Basic Sourdough Bread
Here’s the process I’m using for my basic sourdough bread. Even if it looks like it has a lot of steps, it’s a simple recipe once you get started. I’ll assume you already have the starter. I will make a separate video on how to get one going if you don’t have one yet.
The whole process consists of 4 main chapters:
- Feeding the starter
- Mixing the ingredients
- Stretching & folding
FEEDING THE STARTER:
- sourdough starter
- 4 Tbs all-purpose flour
- 1 Tbs dark rye flour
- about 1/2 cup of warm water
FOR THE BREAD:
- 150g peaked sourdough starter
- 750g bread flour (I’m using King Arthur’s 12.7% gluten content)
- 510g warm water
- 50g warm water + 1 Tbs kosher salt (dissolved)
Sourdough usually improves flavor if you keep the dough in the fridge for 1-3 days. Don’t go longer than that since it might lose its potential to rise.
So, typically, if you want your bread today, start it at least a day ahead.
Begin in the morning by feeding your starter and mixing it to form a thick pancake-like batter. Add a rubber band as a reference for the starting level and set it aside in a warm place on the counter. I like to place it in a sunny spot. The yeast will thank you.
It usually takes about 3 hours for my starter to peak (meaning it reaches maximum volume).
Follow up with measuring and mixing together the bread ingredients in a big bowl. Start with the flour and continue with the starter. I add the flour and starter in the same bowl and just hit the tare button on the scale after each ingredient—less stuff to clean up.
Add the 510g of water, and using a spatula or a wooden spoon, mix everything together into a shaggy dough. It’ll look dry at first, but it will start getting moist as the flour absorbs the water. Continue kneading for a minute or so with your hands, then cover it with plastic and let it sit in a warm place for 30 min. Do not over-knead.
I used a kitchen aid to mix before, but I learned that you get a much denser crumb as opposed to the nice irregular holes, which makes the bread more airy.
After the 30 min rest, add the 50g of water with the dissolved 1 Tbs of kosher salt. Keep kneading for 2 minutes until most of the water is absorbed. The dough will feel wet and loose, but don’t worry; it will become smoother in the next steps. Leave the dough to sit for 30 min covered.
Fold & Stretch:
This technique will develop the gluten structure in your dough, making it chewy.
After that 30 min, grab the side of the dough, stretch it up, then fold it over itself. Repeat this with the sides. Cover and let it sit for 30 min.
Next, repeat this step two more times. Some people do it more often, but I didn’t notice a difference.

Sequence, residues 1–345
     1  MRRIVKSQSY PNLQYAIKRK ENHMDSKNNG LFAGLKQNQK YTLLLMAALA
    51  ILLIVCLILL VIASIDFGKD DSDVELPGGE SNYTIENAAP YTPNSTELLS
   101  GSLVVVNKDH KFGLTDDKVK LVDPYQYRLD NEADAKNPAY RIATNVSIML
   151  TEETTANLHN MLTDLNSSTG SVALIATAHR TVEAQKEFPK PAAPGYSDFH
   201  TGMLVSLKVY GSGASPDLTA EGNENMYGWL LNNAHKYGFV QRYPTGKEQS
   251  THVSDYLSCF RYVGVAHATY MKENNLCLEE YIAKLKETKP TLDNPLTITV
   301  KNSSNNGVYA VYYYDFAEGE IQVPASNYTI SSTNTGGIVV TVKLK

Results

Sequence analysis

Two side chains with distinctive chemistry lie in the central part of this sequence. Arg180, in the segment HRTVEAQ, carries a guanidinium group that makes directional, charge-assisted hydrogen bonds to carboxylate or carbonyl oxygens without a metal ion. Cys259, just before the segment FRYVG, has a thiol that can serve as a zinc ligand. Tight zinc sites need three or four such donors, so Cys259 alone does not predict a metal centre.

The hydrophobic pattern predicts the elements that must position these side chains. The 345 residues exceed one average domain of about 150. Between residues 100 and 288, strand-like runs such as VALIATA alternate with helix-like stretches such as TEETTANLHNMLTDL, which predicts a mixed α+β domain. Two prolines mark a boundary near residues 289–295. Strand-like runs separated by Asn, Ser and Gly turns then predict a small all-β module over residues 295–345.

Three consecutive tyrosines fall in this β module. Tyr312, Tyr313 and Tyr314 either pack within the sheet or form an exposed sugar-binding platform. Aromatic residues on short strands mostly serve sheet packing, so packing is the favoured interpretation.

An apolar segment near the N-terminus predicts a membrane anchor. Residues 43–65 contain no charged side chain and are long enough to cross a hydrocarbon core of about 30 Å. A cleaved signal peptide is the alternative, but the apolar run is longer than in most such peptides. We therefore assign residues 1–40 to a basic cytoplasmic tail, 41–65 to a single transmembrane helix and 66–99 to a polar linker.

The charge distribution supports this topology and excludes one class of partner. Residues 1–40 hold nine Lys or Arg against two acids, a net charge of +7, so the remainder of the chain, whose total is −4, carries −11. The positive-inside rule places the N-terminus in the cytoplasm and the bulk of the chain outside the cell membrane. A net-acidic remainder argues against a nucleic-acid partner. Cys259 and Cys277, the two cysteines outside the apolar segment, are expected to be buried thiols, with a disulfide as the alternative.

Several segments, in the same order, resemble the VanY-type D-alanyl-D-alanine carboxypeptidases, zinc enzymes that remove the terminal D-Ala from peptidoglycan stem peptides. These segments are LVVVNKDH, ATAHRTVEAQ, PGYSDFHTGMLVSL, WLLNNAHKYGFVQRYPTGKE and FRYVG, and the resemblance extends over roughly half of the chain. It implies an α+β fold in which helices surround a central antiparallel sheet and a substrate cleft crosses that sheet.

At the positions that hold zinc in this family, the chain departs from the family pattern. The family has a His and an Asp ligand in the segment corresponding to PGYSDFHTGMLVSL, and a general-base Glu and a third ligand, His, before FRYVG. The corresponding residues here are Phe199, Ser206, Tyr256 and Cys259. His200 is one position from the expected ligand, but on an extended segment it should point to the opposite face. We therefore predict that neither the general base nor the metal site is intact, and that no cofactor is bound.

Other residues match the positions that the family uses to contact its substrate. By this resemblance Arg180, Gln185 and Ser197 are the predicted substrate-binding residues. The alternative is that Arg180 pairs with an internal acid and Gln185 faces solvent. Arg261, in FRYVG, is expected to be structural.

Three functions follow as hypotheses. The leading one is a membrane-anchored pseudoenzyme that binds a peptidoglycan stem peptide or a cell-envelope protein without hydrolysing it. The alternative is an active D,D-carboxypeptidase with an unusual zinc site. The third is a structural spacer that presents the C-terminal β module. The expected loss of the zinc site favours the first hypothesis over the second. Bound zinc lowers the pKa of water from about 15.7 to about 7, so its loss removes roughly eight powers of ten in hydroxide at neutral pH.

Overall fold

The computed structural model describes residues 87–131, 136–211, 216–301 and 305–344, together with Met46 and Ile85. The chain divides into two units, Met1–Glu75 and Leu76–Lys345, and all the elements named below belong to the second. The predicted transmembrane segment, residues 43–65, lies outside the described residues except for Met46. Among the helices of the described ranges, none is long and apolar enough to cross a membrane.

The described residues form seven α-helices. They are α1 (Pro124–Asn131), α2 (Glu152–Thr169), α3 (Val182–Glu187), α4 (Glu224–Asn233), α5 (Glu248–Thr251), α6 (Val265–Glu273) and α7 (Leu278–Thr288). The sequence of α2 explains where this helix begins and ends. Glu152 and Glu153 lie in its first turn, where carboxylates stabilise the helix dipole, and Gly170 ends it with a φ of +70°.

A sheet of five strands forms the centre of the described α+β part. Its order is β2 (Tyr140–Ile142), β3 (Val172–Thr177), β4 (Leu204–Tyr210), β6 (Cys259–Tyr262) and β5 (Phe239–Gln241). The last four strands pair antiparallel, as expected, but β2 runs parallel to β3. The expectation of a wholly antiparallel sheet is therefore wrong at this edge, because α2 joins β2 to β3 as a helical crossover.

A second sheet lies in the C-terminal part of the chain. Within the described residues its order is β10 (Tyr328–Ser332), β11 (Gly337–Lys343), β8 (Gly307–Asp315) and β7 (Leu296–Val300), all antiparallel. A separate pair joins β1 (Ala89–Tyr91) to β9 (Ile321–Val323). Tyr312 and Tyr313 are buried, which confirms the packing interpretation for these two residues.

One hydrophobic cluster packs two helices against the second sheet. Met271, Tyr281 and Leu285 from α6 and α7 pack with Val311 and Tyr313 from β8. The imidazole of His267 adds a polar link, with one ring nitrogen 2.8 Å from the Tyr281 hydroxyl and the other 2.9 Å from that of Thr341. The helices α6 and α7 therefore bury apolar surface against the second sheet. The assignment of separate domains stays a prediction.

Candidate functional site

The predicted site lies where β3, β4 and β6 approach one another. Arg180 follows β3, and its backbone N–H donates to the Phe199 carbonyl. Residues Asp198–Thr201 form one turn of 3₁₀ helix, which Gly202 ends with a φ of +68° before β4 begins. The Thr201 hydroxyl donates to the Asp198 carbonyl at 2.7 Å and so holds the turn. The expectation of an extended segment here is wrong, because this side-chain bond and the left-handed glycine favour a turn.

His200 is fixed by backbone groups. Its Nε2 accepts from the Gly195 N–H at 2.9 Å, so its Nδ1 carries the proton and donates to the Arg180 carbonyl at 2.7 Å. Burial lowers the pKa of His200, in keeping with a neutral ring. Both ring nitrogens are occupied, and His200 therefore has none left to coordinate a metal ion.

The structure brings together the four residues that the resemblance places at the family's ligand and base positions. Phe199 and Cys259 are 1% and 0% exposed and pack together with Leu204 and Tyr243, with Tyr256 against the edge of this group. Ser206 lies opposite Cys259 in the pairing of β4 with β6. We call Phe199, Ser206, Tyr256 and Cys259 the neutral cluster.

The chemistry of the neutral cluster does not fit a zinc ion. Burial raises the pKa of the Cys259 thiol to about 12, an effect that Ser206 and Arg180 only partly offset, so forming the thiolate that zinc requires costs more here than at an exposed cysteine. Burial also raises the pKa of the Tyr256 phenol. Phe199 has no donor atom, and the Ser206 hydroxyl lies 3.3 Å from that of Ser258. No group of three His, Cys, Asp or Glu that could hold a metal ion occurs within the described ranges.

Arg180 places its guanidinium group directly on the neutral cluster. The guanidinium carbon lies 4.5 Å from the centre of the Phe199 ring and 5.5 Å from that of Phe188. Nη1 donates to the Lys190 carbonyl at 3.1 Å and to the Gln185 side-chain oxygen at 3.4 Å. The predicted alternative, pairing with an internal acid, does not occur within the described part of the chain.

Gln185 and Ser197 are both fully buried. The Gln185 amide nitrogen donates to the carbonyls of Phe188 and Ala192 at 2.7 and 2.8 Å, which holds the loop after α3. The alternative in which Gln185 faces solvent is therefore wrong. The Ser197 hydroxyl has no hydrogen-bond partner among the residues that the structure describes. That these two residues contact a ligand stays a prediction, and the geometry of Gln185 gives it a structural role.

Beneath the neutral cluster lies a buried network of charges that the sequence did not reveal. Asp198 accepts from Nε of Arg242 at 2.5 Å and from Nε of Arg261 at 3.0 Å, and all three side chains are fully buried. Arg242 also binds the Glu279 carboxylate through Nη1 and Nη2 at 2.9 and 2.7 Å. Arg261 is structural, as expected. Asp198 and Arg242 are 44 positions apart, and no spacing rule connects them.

You will notice that with each fold & stretch step, the dough will become more springy and smother. It will be tacky but not sticky.
Dump the dough on the counter and gently tuck the bottom sides with a plastic paddle. Dust with flour, cover with a kitchen towel, and let it sit for 10 min.
Divide the dough into two halves with the paddle. Take one half and stretch it gently into a rough, oval shape. Then, gently bring the two opposite sides over the middle. Do the same with the other two sides. Place the dough with the seam side on the counter, then gently form it into a ball shape by tucking the bottom side in as you turn it. Use the paddle to help tuck the bottom in as you’re turning. This will help add surface tension to the bread.
Don’t worry, it doesn’t need to be perfect, you’ll get better with each bake.
Place the round ball into a well-flour-dusted proofing basket seam-side up. Sprinkle some cornmeal on top, and place it into a plastic bag in the fridge.
Repeat this with the other half of the dough.
Again, you can leave it in the fridge for up to 3 days (I left it once for four days, and it was fine).
On baking day, set your oven to 500F (260C) and place a cast iron Dutch oven in the middle rack. We want the Dutch oven to heat up together with the oven. Be careful when you take it out of the oven it will be BLAZING HOT!
Meanwhile, cut a 15 x 12 inches piece of parchment paper and fold it in four. Then, cut it into a P-shape form. This will be our handy bread sling, with two handles to lower our bread into the scorching Dutch oven.
Take one basket out of the fridge, place the parchment paper on top, and carefully turn it over on the counter. Gently pull the basket off.
Using a sharp lame (or box cutter blade) score superficial slits into the surface of the bread in a fun pattern. Use your creativity here. These are only for decoration.
Next, cut a deeper slit into the middle of the bread. This cut will allow the bread to rise while in the oven.
Take the Dutch oven out and, using oven mittens, gently lower the bread into it using the two side handles of the parchment paper.
Place it back in the oven and set your timer for 18 min.
After 18 min, take the lid off (USE OVEN MITTENS!), lower the oven temp to 425F, and bake for another 18 min.
Take the Dutch oven out and place the bread on a cooling rack using kitchen tongues.
I know you’re tempted to cut it open, but let it sit for 15 minutes to cool down. The bread needs relaxing after being in the oven. Just like you!
You can repeat the baking process for the other basket.